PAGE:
Sunday, December 4, 2011

November Round Up


It's been a while since I've actually read enough in a month to write one of these round up reviews. I also suspect that a few of these books will end up in the Tournament, and writing about them now will help me remember them in March. Of course, we've already discussed The Marriage Plot, Traffic, and the last Succubus book (I think I put that in a comment? or an email? I can't remember).

The Sense of an Ending by Julian Barnes
This short novel--novella?--won this year's Booker Prize. I don't know if you remember this, but one of the ways I started reading "serious" fiction again was maybe 2 years ago when I made a New Year's Resolution to read the major award winners every year. For my purposes, that's the Booker, Pulitzer, National Book, and National Book Critic's Circle awards along with the winner of The Tournament of Books. Last year was a weird one: A Visit From the Goon Squad won 3 of those, and I hated the other 2 winners. The Booker winner was The Finkler Question. I actually couldn't finish the National Book Award winner, Lord of Misrule. I'll finish anything, so this is saying a lot!

The point, I guess, is that I picked this up because it was a winner. It's a good premise: a man relates some key moments with his teenaged friends. Then, 40 years later, that past comes back to haunt him when he receives a strange bequest from the estate of a woman he barely knew. Thematically, it has a lot in common with A Visit From the Goon Squad: what is the impact time has on our lives and on our memories? What is it like to go back and see yourself differently and to be faced with proof that your version of events might not be the truth?

The book  is sparse---only 170 or so pages. But the sentences are quiet and I found myself reading carefully. Tony, the narrator, is a lonely character. He's in his 60s now and he looks back on his life and wonders if he's been playing it safe. The author does a great job with old Tony looking back to young Tony and realizing that he's not the person he thought he was. Tony discovers he didn't fully understand everything that happened to one friend, and he works on uncovering the mystery. But it ends up being more of a trick ending that feels forced rather than a natural extension of the plot or this inner conflict Tony faces. It's not a bad book, it's just got a weird ending for what it is.

Personally, these books with the "time and memory" theme are a bit difficult. As we have previously discussed, my memory stinks. And, I just don't feel quite old enough to be *that* nostalgic about my youth. Don't get me wrong, I have moments of looking back and feelings of regret, but it's just not something that speaks that strongly to me at this stage in my life.

The Leftovers by Tom Perotta
Darrell and I were driving along one day when Tom Perotta appeared on some NPR show to talk about his latest book. It basically has the best premise ever for a novel: it's after the Rapture. One day, millions of people just disappeared all at once from the Earth without a trace. This is the book about the people that are still here...the people that are the leftovers. The cover's great---the whiff of smoke coming out of the shoes is brilliant.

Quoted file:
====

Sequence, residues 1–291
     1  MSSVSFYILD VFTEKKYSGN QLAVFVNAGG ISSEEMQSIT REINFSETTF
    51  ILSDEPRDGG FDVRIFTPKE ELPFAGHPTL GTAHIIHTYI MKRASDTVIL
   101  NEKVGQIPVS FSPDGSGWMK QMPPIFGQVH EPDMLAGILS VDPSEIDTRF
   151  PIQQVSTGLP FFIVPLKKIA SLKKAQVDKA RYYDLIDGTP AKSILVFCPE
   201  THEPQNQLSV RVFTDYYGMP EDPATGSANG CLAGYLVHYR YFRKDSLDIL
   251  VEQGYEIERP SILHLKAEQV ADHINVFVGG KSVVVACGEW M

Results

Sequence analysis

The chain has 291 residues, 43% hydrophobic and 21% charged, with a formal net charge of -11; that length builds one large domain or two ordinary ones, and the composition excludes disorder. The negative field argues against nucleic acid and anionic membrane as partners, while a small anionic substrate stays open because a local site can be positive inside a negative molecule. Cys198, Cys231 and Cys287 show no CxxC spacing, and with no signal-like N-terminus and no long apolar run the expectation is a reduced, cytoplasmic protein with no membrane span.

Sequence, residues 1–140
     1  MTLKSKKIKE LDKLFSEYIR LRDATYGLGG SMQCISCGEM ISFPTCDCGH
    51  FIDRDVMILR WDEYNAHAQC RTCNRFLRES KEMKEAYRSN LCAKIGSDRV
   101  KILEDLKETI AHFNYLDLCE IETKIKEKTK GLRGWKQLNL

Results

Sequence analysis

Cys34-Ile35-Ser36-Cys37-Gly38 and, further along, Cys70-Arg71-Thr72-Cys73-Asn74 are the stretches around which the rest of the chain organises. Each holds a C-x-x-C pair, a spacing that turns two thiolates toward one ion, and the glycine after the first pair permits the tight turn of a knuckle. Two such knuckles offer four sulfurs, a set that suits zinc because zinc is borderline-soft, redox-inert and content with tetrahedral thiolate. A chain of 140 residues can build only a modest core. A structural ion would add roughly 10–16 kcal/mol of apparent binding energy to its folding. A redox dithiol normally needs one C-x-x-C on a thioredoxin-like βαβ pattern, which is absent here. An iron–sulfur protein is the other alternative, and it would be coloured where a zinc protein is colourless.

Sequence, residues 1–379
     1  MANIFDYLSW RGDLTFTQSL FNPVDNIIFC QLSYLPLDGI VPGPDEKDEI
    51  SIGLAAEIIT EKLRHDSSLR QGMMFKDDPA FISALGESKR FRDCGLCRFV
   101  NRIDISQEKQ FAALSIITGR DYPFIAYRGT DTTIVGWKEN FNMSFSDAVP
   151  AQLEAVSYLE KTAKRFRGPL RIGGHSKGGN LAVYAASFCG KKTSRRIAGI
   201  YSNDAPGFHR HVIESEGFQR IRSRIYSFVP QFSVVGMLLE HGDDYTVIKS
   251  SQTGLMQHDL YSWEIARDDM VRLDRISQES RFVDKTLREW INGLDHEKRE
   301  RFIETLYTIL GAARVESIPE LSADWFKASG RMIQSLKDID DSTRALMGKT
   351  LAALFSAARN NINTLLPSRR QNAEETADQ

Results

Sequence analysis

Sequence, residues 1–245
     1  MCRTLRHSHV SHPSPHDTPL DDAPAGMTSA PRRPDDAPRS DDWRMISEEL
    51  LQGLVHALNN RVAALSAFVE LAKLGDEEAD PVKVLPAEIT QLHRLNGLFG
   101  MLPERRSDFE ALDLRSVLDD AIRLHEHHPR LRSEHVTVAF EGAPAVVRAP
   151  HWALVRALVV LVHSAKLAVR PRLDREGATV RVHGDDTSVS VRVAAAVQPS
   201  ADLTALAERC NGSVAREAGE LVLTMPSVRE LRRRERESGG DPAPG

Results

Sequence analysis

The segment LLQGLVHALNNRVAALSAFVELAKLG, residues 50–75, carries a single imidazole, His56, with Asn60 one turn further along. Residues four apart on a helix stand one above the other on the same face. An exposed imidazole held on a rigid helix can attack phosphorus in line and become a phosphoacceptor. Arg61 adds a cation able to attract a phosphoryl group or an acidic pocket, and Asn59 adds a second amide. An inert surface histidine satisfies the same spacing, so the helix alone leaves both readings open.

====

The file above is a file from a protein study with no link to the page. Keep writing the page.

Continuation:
I liked this book. It centers on a few families in one small town: there's one woman who lost everyone in her immediate family and she's the only one left. Another family is completely intact. Either way, these are individuals who are left to search for meaning in the world when it's been made clear to them that they haven't made the cut. Some resort to new and strange cults while others try to soldier on as normally as possible.

I don't know if I think the author successfully carried off the ending. The situations of the characters are sticking with me, but for the life of me, I can't remember a single character's name. But I think *the idea* of the book was quite powerful: no one can know the mind of God, no matter what your faith or affiliation. We're all just guessing and trying to make a good life of what remains. 

El Narco: Inside Mexico's Criminal Insurgency by Ioan Grillo
One of the reasons I picked up this book is because right now my students are reading a novel called House of the Scorpion. In this sci-fi novel set in a not so distant future, the entire country of Mexico is gone as a result of a series of drug wars. Even the US has not escaped unscathed as it has given up land along its Southern border for the creation of a new country called Opium, where drugs can be legally grown. This all sounds completely far-fetched right? Well, El Narco presents the terrifying reality of life in northern Mexico today---a place where 40,000 people have died since 2005 as a result of the drug trade. I've been pretty interested in knowing why that's going on, and this book addresses the whole issue. It was fascinating, despressing, and more than a little scary.

The author is a reporter originally from the UK who now lives in Mexico City and reports on drug trafficking. He's a pretty good writer and he seems to know his stuff. Occasionally, I though he could use a good editor. The first time he compared a car destroyed by machine gun bullets as looking like a cheese grater, I though it was brilliant. When it happened again 20 pages later, I was surprised nobody caught it. There's a lot of cliches and hyperbolic descriptions, but ultimately, that didn't matter to me too much. It was interesting enough that I was able to get past my annoyance with the overblown writing style. It's hard to blame the guy for writing passionately---this is a book about  gangs of drug lords who are brutally sadistic. These are folks who once human heads across the floor of a disco to make point to a rival gang.